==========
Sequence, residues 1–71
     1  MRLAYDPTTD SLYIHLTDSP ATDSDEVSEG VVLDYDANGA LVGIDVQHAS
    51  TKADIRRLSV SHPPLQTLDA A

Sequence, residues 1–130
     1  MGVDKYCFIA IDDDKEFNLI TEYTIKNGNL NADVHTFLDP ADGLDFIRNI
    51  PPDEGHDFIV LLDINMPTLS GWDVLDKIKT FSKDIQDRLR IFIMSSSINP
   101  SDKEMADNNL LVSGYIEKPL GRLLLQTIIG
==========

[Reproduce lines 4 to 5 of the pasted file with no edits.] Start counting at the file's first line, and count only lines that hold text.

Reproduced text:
Sequence, residues 1–130
     1  MGVDKYCFIA IDDDKEFNLI TEYTIKNGNL NADVHTFLDP ADGLDFIRNI